French-Canadians in Thompsonville

Well, here’s my first blog entry ever and I am excited to be able to start sharing some personal observations about CT history and some very neat objects in the CHS collection.

In the late 19th and early 20th centuries thousands of French-Canadians, including my mother’s family, migrated to the United States, drawn by the prospect of work. New England in particular witnessed significant numbers of these newcomers seeking jobs in factories and, in particular, textile mills. These new arrivals brought with them their language, customs, and Roman Catholic faith, and often settled together in neighborhoods near their jobs. As a way to preserve their culture, these new immigrants sometimes organized social and other clubs as part of their support network.


The figure of a young John the Baptist, reflecting the Catholic faith of many French-Canadians, dominates the front of the banner. CHS 2012.570.1


Clasped hands and a motto, roughly translated as “Strength in Unity”, suggests the social and mutual-benefit aspects of such organizations. CHS 2012.570.1

CHS recently acquired an impressive painted silk banner for such an organization, Société Saint-Jean-Baptiste, organized in Thompsonville in July 1902. This mutual-benefit organization was established in Quebec in the 1830s to promote French culture, language and religion, and in the late 19th century chapters began to appear in communities of French-Canadian immigrants. Thompsonville, home to the Hartford Carpet Company (later Bigelow-Sanford Carpet Company), attracted hundreds of French-Canadians beginning in the decades after the Civil War. So many of these immigrants lived in the Pleasant Street neighborhood near the mill that the area came to be known as “Frenchtown”, fertile ground indeed for such an organization.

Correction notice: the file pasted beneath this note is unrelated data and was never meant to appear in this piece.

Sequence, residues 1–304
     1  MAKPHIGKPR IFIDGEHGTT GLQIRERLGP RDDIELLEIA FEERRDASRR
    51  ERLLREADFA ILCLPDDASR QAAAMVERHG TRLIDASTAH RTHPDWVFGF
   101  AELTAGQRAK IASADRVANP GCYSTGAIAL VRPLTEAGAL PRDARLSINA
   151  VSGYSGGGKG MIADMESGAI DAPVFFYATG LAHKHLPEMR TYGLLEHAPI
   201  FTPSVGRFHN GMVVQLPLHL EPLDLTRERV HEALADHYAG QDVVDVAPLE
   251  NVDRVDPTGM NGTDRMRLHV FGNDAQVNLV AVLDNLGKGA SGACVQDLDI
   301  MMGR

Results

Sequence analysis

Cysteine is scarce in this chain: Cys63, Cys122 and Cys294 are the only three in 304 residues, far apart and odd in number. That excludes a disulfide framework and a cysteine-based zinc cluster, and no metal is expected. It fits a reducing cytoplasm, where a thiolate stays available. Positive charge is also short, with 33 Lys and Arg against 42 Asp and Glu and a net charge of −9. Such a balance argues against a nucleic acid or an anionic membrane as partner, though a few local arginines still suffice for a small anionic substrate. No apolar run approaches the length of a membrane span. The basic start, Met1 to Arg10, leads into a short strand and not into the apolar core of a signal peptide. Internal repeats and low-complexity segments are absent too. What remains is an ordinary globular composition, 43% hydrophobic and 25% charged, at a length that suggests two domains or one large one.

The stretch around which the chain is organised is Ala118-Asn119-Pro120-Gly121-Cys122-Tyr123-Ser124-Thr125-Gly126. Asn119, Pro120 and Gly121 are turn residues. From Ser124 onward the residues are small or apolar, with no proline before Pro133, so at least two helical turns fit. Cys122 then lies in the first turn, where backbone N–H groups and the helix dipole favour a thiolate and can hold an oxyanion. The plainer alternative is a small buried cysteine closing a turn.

Spools of carpet runners occupy the foreground in this Nathan P. Palmer photograph of the Hartford Carpet Company mill, ca. 1900. Hundreds of French-Canadians found employment in this industry. CHS 2011.239.7

Postwar foreign competition and the lure of cheap labor in the South combined to decimate New England’s once-thriving textile industry. Though Bigelow-Sanford moved its carpet manufacturing to South Carolina in 1957, descendants of French-Canadian workers continue to live and work in the area. I counted many as friend and classmates growing up in Thompsonville in the 1950s and 1960s.


The Hartford Carpet Co. plant ultimately became the largest carpet mill complex in the nation. The rows of power looms in this ca. 1900 photograph by Nathan P. Palmer seem to stretch to the horizon. CHS 2011.239.6

4 thoughts on “French-Canadians in Thompsonville

  1. Do you have anything to enlighten me on the history of Taftville CT? I believe my gggrandfather may be buried there. I’m having difficulty finding anything out about the area. – Muriel L. Henault Locklin

  2. Pingback: Memories Come Flooding Back | inside the CHS

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